Council members voted unanimously this morning to maintain, with some modifications, the sanctions ? consisting of the arms embargo, a travel ban and an assets freeze on those who violate the embargo ? until at least 31 December.
The Group of Experts that monitors the embargo and develops recommendations for its improvement was also extended until the same date.
In the resolution extending the sanctions regime, the 15-member Council expressed its continued concern about the situation in the provinces of North and South Kivu and in the Ituri district, close to the border with Uganda, Rwanda and Burundi.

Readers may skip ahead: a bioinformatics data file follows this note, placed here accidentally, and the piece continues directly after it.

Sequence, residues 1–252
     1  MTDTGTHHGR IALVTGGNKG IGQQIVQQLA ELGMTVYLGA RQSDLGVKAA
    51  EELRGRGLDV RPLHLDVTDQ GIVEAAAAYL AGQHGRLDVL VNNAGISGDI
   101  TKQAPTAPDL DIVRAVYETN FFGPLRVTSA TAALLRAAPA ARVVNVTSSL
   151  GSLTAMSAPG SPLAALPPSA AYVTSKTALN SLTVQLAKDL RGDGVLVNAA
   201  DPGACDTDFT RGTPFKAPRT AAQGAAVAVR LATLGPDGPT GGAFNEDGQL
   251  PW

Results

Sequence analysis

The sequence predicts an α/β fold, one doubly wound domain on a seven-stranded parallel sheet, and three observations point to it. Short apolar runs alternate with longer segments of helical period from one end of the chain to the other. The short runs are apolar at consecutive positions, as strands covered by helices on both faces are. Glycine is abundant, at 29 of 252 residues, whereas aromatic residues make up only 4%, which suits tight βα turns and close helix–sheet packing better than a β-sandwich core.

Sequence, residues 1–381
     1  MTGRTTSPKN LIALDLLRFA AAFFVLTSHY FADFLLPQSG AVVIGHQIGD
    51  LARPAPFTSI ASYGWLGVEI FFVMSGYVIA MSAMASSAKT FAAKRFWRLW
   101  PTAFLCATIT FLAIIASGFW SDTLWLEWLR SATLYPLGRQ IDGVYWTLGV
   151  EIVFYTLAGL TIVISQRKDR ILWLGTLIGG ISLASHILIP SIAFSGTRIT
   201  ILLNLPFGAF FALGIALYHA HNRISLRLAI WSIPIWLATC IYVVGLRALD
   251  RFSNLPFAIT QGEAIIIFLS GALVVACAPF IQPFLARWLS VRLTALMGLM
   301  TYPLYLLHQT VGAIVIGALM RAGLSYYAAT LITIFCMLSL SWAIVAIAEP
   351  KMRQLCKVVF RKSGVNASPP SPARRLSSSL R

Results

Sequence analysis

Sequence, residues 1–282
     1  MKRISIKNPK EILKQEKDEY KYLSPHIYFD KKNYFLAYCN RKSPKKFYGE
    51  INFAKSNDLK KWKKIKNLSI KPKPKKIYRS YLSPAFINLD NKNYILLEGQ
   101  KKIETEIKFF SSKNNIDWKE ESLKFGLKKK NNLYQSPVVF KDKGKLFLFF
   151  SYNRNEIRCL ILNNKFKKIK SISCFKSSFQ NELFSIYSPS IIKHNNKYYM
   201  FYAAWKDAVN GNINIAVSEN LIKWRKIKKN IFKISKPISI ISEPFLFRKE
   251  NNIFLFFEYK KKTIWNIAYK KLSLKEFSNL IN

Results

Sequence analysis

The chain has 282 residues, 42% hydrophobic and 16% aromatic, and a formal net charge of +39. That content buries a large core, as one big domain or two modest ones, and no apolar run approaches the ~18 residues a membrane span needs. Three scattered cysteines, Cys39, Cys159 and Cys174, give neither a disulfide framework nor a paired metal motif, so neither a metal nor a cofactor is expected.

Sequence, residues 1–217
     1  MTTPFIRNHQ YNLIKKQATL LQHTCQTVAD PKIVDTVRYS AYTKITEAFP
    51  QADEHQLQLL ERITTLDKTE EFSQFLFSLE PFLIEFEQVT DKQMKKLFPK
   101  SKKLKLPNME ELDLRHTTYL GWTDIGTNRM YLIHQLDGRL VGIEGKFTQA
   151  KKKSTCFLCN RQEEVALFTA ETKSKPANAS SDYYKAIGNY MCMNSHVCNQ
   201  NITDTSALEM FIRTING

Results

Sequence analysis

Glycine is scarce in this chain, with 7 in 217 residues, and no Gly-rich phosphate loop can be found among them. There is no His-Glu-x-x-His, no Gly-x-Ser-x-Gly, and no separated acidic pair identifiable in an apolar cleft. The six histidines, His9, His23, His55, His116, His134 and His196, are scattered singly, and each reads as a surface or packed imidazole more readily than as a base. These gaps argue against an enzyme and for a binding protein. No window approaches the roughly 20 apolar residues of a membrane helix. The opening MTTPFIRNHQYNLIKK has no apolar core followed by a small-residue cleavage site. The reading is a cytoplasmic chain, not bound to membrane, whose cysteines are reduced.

It noted, however, an improved exchange of information between the Council committee monitoring the sanctions, other parts of the UN and Governments of the region, and in that light modified the rules for importation of military supplies for the national army and police of the DRC.
At the same time, it continued to stress the urgent need for progress in security sector reform in the country, which has suffered from decades of war and misrule but in 2006 held its first free elections in more than 45 years.
The embargo was first imposed in 2003 amid concerns that the growth and trafficking of arms was serving to fuel and exacerbate conflicts across the Great Lakes region. The Council also noted the link between the illegal exploitation and trade of natural resources in the DRC and the proliferation of arms.
The embargo does not apply to arms and related materiel intended for the use of units of the national army or police as long as those units meet certain criteria.